On Monday, Samsung Electronics announced that it is planning to sell refurbished versions of the Galaxy Note 7 smartphones. Yes, this is the same phone which they issued a very costly recall for last year, due to it exploding or catching fire and hurting numerous people. After a while, the company revealed that the phone’s batteries were at fault for the issue and promised that something like this would never happen again. That huge recall happened back in October, two months after the devices were released. However, the fact that no other component of the phone had any issues, apart from the batteries, made some people believe that Samsung might even begin selling refurbished phones or use its parts. It seems like their suspicions were right.
Refurbished Galaxy Note 7
So, for the people listening to speculations, Samsung’s announcement that it would indeed begin selling refurbished Note 7 devices did not come as a surprise. Still, one cannot help but wonder why now? Samsung is just a few days away from the release of their new flagship handset, the much anticipated Galaxy S8. On Wednesday, the new device goes on sale in the United States. It actually marks the first device which the company will release since the burning Note 7 scandal.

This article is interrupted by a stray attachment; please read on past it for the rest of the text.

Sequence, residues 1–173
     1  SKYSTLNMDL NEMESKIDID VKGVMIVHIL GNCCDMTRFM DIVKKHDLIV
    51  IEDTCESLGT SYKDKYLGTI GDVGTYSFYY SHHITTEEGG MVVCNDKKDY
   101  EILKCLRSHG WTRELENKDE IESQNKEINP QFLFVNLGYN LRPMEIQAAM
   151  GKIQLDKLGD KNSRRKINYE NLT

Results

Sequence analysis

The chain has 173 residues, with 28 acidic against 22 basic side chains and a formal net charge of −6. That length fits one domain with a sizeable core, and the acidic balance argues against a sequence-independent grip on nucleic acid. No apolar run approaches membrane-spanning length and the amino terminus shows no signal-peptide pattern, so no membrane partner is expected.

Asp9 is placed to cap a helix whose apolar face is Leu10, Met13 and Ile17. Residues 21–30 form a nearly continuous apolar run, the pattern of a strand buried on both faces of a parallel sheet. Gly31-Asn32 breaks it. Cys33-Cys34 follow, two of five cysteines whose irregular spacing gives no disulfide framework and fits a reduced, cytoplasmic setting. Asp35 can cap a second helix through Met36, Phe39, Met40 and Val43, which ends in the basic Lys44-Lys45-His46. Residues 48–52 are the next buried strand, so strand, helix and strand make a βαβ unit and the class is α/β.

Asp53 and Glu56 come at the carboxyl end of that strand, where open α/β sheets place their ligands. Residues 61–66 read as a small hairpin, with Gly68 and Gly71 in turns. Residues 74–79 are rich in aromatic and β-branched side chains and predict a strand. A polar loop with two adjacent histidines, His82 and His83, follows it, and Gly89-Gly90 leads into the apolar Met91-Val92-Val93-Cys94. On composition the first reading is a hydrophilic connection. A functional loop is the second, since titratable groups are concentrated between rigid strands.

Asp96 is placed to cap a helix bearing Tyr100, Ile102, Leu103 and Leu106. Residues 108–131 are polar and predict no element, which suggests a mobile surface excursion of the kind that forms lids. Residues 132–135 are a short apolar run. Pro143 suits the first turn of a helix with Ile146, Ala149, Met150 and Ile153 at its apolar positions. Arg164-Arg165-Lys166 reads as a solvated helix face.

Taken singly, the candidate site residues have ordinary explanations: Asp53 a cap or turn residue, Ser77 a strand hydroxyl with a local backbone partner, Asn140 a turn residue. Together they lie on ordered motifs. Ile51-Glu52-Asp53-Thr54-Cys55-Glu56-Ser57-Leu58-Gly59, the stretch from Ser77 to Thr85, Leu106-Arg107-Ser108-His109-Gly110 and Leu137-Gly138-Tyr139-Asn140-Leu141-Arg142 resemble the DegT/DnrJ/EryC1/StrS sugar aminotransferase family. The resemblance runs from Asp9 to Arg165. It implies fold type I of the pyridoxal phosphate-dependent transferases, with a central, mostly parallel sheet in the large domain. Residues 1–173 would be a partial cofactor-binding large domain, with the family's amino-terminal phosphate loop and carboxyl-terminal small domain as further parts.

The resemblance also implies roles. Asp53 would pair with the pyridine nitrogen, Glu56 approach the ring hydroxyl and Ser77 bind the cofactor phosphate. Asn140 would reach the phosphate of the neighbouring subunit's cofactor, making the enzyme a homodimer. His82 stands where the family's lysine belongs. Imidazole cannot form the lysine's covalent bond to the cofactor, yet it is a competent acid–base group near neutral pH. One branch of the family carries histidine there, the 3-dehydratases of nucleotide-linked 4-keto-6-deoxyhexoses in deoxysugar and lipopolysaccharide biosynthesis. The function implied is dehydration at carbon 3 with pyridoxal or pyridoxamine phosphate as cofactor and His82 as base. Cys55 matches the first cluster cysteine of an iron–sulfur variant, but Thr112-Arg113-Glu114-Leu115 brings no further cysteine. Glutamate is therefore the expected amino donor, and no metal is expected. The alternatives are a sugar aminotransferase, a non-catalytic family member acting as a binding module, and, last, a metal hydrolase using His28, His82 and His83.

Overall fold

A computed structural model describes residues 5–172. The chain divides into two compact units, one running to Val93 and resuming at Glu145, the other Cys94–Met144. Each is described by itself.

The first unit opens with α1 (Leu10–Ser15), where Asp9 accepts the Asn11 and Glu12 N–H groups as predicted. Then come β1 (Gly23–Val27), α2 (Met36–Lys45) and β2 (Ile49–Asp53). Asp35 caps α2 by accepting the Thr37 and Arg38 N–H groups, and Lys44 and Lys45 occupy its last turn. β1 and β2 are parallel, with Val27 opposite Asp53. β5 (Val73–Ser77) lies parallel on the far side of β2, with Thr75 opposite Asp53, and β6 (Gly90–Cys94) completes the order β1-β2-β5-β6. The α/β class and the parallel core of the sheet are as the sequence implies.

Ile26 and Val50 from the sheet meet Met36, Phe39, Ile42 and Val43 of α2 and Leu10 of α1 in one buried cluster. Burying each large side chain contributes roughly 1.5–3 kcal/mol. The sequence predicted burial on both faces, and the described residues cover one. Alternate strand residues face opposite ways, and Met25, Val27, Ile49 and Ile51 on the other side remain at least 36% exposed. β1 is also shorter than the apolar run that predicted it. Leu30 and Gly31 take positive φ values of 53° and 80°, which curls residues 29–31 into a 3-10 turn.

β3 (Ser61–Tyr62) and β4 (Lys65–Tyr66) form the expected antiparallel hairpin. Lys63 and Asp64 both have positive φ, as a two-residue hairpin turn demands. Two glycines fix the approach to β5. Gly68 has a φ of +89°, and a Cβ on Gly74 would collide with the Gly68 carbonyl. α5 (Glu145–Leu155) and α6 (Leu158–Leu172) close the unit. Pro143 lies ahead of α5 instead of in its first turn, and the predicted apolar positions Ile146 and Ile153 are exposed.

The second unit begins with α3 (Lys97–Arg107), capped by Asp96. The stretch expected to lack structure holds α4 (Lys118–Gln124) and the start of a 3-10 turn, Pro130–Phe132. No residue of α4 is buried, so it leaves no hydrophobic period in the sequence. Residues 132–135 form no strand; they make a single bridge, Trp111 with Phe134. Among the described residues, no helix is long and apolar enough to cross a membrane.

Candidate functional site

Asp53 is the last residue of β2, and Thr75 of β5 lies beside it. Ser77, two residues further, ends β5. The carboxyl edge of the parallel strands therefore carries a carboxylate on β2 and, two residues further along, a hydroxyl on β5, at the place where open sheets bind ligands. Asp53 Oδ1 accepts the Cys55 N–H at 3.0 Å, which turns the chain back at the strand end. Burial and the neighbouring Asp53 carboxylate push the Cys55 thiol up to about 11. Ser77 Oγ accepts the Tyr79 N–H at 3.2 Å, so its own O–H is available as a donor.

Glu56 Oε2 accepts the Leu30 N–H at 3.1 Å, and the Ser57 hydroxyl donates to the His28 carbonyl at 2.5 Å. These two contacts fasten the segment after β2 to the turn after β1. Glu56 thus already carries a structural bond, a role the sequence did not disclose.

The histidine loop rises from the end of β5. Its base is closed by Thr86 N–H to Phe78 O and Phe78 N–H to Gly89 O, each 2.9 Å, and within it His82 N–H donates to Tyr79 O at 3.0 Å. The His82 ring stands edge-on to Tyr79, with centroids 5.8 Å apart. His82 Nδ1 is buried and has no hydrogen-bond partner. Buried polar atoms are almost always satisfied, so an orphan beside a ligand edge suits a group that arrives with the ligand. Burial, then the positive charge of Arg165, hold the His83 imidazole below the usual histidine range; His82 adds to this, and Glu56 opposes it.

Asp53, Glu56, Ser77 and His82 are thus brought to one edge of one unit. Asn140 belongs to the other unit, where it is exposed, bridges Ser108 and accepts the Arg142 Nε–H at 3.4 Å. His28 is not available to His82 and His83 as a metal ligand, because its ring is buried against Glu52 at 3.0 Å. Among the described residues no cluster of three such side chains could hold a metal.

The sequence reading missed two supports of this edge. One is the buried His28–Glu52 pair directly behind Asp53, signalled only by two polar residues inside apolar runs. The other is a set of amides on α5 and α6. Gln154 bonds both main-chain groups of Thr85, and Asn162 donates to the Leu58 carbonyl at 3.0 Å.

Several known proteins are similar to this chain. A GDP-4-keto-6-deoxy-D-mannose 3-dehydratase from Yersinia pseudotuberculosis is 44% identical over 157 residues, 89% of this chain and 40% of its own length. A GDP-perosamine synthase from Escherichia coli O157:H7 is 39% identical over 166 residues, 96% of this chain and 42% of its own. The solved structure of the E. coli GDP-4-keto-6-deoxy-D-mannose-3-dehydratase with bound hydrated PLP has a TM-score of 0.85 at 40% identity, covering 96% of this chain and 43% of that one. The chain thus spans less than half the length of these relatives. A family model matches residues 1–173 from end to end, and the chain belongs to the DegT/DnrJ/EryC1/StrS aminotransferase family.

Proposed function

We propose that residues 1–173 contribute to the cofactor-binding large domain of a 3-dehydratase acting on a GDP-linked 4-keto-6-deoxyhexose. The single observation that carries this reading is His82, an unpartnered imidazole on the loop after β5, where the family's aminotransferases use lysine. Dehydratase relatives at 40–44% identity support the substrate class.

Samsung is currently making huge efforts to regain the trust of their customers. So, there is a lot of pressure on them to get the new Galaxy S8 right. This also makes this announcement feel bizarre and weirdly timed. Why draw attention on the refurbished versions of the defunct Note 7, instead of focusing all the hype on your new premium device?
Not in the United States
According to South Korea’s Electronic Times newspaper, Samsung is only going to sell refurbished versions of the Note 7 in the company’s home country in the months of July and August. Their aim is reportedly to sell between 400,000 and 500,000 such devices. They will reportedly come with completely safe batteries and the previous problem will not happen again. The report apparently specified that Samsung is not going to sell the devices in the United States and in India, as previous rumors had indicated. However, they have not offered any more details. So, for the moment, nobody knows when the phones will go on sale and on what specific markets.
According to the company, the loss it suffered from the Note 7 mess was of about $5,5 billion, over three quarters. Before issuing that huge recall, Samsung had sold over 3 million Galaxy Note 7 devices, in the entire world. Samsung also has another plan to try and sweeten the huge loss which the burning devices caused. It would reportedly try to extract rare metals from the phones, as well as using and reselling the components which are in perfect condition. All in all, people cannot help but agree that what Samsung is doing here poses a very high risk. Things could go well, and the company could profit from the refurbished phones. Still, things can also go bad, in the sense that those devices could still begin catching fire. And that would be a huge problem.
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